To your face, he/she speaks as if they respect and are for you. Behind your back their theme song was sung years ago by the O’Jays, Backstabbers. Are you a backstabber? Do you put others down as a way of life? Do you plot how to destroy the lives of others so you can move up in the company? Do you sit on review boards for the promotion of officers and use your position to say sideline the career of a man/woman you personally don’t like, even though they are worthy of the new rank? Do you move from church to church leaving saints bleeding all over the place, all while you hide behind your false piety? May the Lord move you to repentance and confession . . . and to knowing what real living is all about.

If, however, you are the receiving end of this type of pernicious person, follow David’s sagacious advice. Pull the curtain back (with facts) regarding their activity. This is what he continues to do in the ensuing verses. He minces no words, and neither should you:

3 You love evil more than good, lying rather than speaking righteousness. Selah

A person is full of darkness, despite what they say, if pushing evil is more important the preserving good. They actually love evil, which is from the Hebrew word, ra, a term denoting that which is morally depraved.1 Is it not utterly and deceitfully depraved when the same politicians who embrace abortion call for the restriction of weapons in the hands of law-abiding Americans in order to save and protect lives? This is merely and illustration of how pugnacious dragons say one thing (which appears righteous), while really pushing evil (confiscation and control).

Isaiah warns us in the fifth chapter of his book a nation/person is near the judgment of God when evil and depravity supplants that which is good, wholesome and holy. Sadly, our world if full of bad bullies masquerading as purveyors of hope and healing, and these folks will stop at nothing to push their lies as truth so you are silenced and they are showcased.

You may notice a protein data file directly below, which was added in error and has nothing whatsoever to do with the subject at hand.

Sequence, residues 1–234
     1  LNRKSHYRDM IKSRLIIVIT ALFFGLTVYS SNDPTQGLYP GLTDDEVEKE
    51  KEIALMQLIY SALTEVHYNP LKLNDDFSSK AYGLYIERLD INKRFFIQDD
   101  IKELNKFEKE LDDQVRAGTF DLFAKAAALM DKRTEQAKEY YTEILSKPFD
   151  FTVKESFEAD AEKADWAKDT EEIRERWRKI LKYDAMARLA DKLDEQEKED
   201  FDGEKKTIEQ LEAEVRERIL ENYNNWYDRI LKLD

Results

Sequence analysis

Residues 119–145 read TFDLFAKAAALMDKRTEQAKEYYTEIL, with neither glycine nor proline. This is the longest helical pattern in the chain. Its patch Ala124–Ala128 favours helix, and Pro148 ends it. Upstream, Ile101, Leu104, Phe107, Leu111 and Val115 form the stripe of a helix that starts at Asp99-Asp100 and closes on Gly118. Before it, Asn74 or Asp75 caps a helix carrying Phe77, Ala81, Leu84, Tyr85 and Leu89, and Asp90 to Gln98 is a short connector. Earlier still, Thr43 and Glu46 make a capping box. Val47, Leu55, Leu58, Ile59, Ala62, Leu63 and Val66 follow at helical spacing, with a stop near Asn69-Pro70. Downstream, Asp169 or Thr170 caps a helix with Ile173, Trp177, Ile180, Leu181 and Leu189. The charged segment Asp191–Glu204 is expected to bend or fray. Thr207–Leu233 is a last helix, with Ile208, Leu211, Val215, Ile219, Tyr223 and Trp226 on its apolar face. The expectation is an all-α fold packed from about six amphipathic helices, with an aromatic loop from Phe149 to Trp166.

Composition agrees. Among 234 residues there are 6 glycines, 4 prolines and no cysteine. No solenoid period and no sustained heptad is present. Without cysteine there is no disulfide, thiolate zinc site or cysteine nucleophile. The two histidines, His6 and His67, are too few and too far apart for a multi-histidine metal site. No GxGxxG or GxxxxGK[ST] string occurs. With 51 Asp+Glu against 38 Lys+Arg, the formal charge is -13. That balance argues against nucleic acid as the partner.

When David could have easily stopped discussing how vile the talk is from a dragon like Doeg, Donna, or Dave (and I do apologize if you the latter two just happen to be your name), he doubles down in verse 4:

4 You love all devouring words, You deceitful tongue.

Not only do they love anything/everything which promotes evil, they love “all devouring words,” especially when the person who is the target of the evil is duped and misled by the language employed by the dragon. Devouring, belah (עַלֶבּ ,(is a homonym (meaning it only occurs one time in the OT), and it speaks of someone devouring, say, a tasty steak at Ruth Cris Steak House. Who in their right mind would order a rib eye here, only to leave some on the plate? Not I. The object is to get rid of the steak completely. It is the same with the dragon who employs deceitful words with and against you. They have one goal: to silence you completely, to get you out of the way, to minimize your godly influence and impact. So,

• If a Twitter beatdown works, they’ll do it.
• If a Facebook pugnacious and loaded posting works, they’ll do it.
• If they can pass on some juicy, but twisted information they have on you to coworkers on a coffee break, they’ll do it.
• If they can turn holiness and goodness on its ear so they can classify a godly person as a member of newly created “hate group,” they’ll do it.
• If they can slap an explosive term on an unsuspecting person (xenophobic, Nazi, lunatic fringe, conspiracy nut, etc.) all because they do not like the lofty moral stance a given person takes (privately or publicly), they’ll do it and act as if they are on the high moral ground.
• If they can use your words about tolerance to shut you down, all while they are the epitome of intolerance (because, remember, they are deceptive), they’ll do it, meaning they will drip with so-call tolerance. Yet, behind the nice, deceitful mask lurks a dragon ready to devour you with his/her intolerance of who you are.
• If a verbal barrage of filthy words will to the trick, they’ll drop them on you with the power of a B52 strike.